# include < stdio.h> /* function to read bytes 5 to 10 and increment the data stored in them */ /* this function demonstrates updation-in-place*/ main() { FILE *fp ; char acc_no[5], bal [7]; double f_bal, atof (); long int pos = 4L, offset = 4L; /* for repositioning before read*/ /* open file in read-write mode*/ if((fp = fopen (BALANCE.DAT, r+ )) = = Null); /* open file BALANCE>DAT for read-write*/

NIIT

SEM Q/CPR/CR/SESSION 6/29/VER06/95

MORE ABOUT THE FUNCTION fopen() (contd.)


{ fprintf (stderr, Error opening File, BALANCE.DAT\n); exit(); } while ((fgets (acc_no, 5,fp)) = NULL) */repositon on balance field */ { fgets (bal, 7, fp); /*read field balance */ f_bal = atof (bal) + 100.00 /* convert balance to float and increment by 100*/ sprintf )bal, %6.2, f_bal) /* convert float to a string */ fseek (fp, pos, 0); /* reposition at start of balance*/ fputs (bal, fp); /* field update in place */ pos+ = 10; /* increment position to byte */ number of next balanceSEM Q/CPR/CR/SESSION 6/30/VER06/95 field */

NIIT

MORE ABOUT THE FUNCTION fopen() (contd.)


} fprintf (stdout, The file has been update \ n) fclose (fp) }

NIIT

SEM Q/CPR/CR/SESSION 6/31/VER06/95

SPL EXERCISE
# 1 A utility called hprint has to be written in C, which will allow a user to display, on screen, any number of lines from the beginning of any file. The user has to specify both the number and the file name on the command line in the following format: hprint number file name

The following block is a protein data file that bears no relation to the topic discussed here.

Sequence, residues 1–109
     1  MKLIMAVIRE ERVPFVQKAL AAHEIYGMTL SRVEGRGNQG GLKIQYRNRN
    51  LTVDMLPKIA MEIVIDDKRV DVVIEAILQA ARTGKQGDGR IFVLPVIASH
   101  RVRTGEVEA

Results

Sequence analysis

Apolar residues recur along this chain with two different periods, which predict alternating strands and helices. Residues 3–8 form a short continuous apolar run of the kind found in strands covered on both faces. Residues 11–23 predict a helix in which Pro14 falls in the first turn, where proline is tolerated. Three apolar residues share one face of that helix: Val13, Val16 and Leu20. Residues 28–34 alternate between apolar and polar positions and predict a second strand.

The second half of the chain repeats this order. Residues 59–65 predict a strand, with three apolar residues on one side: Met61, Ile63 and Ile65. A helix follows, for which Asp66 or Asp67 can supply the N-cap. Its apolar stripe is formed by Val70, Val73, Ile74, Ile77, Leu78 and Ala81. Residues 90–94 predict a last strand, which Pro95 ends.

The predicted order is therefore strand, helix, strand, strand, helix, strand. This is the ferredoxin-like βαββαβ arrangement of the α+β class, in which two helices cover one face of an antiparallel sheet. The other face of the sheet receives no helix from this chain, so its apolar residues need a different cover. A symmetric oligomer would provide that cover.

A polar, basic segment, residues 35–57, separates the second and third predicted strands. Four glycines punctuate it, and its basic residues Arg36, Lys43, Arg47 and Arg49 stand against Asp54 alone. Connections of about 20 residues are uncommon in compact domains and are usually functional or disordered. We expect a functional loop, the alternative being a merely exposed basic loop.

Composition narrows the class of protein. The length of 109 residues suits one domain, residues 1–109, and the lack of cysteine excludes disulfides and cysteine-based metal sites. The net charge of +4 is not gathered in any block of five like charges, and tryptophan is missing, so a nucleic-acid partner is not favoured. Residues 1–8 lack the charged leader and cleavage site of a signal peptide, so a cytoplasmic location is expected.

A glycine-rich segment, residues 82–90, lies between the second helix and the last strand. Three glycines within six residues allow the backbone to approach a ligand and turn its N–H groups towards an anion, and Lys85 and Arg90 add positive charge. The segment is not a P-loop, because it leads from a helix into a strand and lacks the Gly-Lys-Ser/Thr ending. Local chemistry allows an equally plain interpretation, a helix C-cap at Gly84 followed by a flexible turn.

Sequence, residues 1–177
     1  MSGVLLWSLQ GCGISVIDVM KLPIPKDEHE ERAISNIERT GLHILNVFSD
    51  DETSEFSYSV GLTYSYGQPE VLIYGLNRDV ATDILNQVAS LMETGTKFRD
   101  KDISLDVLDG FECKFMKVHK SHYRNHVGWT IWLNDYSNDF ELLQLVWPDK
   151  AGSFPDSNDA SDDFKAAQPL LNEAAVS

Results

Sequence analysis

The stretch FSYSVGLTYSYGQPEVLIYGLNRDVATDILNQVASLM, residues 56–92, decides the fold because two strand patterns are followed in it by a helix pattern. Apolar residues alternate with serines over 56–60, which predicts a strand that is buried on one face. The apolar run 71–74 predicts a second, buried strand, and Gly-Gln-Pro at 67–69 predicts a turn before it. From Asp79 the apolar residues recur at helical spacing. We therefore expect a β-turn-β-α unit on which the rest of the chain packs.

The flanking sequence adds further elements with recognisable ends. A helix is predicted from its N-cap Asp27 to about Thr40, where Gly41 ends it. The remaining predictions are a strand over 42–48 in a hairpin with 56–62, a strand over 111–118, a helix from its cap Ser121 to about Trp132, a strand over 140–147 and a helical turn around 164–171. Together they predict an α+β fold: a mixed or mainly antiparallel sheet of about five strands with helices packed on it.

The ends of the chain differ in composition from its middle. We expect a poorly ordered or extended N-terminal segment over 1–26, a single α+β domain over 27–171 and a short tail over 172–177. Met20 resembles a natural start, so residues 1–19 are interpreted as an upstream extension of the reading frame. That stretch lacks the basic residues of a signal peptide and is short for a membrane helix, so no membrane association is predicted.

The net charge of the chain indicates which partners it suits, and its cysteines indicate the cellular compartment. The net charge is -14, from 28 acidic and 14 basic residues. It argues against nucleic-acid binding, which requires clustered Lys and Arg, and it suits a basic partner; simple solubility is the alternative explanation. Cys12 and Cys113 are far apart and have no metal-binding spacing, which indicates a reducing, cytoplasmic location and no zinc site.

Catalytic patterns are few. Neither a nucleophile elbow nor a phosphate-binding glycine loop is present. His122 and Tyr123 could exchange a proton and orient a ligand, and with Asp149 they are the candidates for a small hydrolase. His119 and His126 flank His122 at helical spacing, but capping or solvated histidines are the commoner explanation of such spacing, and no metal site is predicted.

The maximum line length is 80 characters. The program should handle possible errors.

NIIT

SEM Q/CPR/CR/SESSION 6/32/VER06/95

SOLUTION TO SPL EXERCISE


# 1 #define MAX 81 #include < stdio.h> main (argc, argv) int argc; char * argv [ ]; inti = 0; char each _ line [ MAX ] ; FILE * PTR; IF (argc != 3) { printf (Invalid number of parameters \ n); exit (); } / * check command line parameters */
NIIT SEM Q/CPR/CR/SESSION 6/33/VER06/95

SOLUTION TO SPL EXERCISE (Contd.)


if (atioi (argv [ 1 ] ) = = 0) { print (Invalid number of parameters \n); exit (); }/* check if first argument is numeric */ if ((ptr = fopen (argv [2], r)) = = NULL ) { printf (Error in opening file \n); exit(); } /*check if file can be opened */ While ((fgets (each_line, MAX,ptr)) != NULL && i < atoi (argv[1])) } i+ + ; printf (%d : ,i);
NIIT SEM Q/CPR/CR/SESSION 6/34/VER06/95

SOLUTION TO SPL EXERCISE (Contd.)


Iprint (each_line,stdout);/* line to be printed and pointer to file on which data is to be written are passed as parameters */ } if (i < atoi (argv [1])) printf (End of file encountered \ n ); /* check if there are lesser number of lines in file than asked for */ } Iprint (to_prin,fp) Char to_print [ ]; FILE * fp; } fputs (to_print,fp); }
NIIT SEM Q/CPR/CR/SESSION 6/35/VER06/95

SPL EXERCISE
#2 Go through the following program called inpcopy.c and its error listing on compilation and then correct the program. 1 # include < stdio.h> 2 main () 3{ 4 file fp; 5 char c; 6 7 fp = fopen (file, w); 8 9 while ((c = fgetc (stdin)) != EOF) 10 fputc (c, fp);
NIIT SEM Q/CPR/CR/SESSION 6/36/VER06/95

SPL EXERCISE
11 12 fclose (fp); 13 } Error listing: inpcopy.c, line 4: file undefined inpcopy.c, line 4: syntax error inpcopy.c, line 7: fp undefined inpcopy.c, line 7: w undefined inpcopy.c, line 7: warning: illegal pointer / integer combination, op = inpcopy.c, line 9: c undefined